It’s a simple premise: To truly improve the health, safety, and security of human beings, you must first understand where those individuals are. Everything else—how many people may be in danger from a weather event, who might be impacted by a resource scarcity, and how to efficiently deploy limited resources in response to a crisis—stems from the initial, basic knowledge of population locations.
It seems obvious. But twenty-five years ago, obtaining that population data was nearly impossible.
Researchers at Oak Ridge National Laboratory have spent more than two decades working to solve this challenge through the development of cutting-edge population distribution models. Now their suite of LandScan datasets is available online to the global public under a new open-source creative commons license.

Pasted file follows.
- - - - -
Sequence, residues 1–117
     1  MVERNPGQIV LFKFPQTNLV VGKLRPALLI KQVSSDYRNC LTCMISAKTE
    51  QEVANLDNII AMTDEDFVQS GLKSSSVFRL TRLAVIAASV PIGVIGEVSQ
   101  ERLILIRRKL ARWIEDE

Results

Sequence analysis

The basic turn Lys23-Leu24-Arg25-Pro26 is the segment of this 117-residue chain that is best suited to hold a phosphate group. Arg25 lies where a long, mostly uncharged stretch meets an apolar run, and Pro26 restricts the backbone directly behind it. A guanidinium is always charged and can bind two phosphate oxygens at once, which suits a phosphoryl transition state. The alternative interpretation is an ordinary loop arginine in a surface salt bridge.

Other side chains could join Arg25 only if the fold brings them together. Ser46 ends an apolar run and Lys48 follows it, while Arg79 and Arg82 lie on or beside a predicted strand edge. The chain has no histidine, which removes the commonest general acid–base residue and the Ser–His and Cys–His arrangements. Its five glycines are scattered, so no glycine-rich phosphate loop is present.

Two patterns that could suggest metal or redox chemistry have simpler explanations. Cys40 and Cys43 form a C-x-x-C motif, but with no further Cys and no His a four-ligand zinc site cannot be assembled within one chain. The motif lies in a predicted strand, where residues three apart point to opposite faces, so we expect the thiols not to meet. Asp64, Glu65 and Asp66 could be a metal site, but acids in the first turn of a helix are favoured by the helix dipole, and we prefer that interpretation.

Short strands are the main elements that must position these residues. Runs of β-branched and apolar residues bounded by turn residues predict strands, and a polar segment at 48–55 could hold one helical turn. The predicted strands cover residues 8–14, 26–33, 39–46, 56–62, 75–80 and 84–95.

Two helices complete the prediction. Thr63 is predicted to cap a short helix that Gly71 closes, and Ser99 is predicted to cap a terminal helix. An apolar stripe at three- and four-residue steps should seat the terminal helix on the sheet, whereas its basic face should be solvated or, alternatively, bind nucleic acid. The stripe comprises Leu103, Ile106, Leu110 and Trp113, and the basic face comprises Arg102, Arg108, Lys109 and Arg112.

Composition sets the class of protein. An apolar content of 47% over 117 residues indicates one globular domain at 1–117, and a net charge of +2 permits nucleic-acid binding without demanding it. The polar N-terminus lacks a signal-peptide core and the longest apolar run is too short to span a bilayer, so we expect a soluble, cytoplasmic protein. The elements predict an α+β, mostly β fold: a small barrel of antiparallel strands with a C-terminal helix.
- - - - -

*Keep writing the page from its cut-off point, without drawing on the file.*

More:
Peanut butter and Jell-o?
In the mid-1990s, the world had no good, consistent data on populations around the globe.
Most countries conducted censuses, but the data was wildly inconsistent. Recognizing that this lack of data could prove fatal when disaster struck, ORNL’s geospatial scientists and human geographers started a project to develop the world’s first reliable, standardized population distribution model.
“The idea when we started was to provide a realistic estimate of population counts for every square kilometer of the planet,” said Amy Rose, an ORNL senior staff scientist and LandScan project principal investigator.
The project began not by counting people but by analyzing and characterizing existing environmental and infrastructure data. Understanding what the physical space looked like enabled researchers to identify where people were likely to be and, importantly, where they weren’t.
“When you factor in things like terrain, land cover and usage, and facility characterizations, you can start to build a sort of Jell-o mold that identifies the relative likelihood of people being in a given location,” Rose said.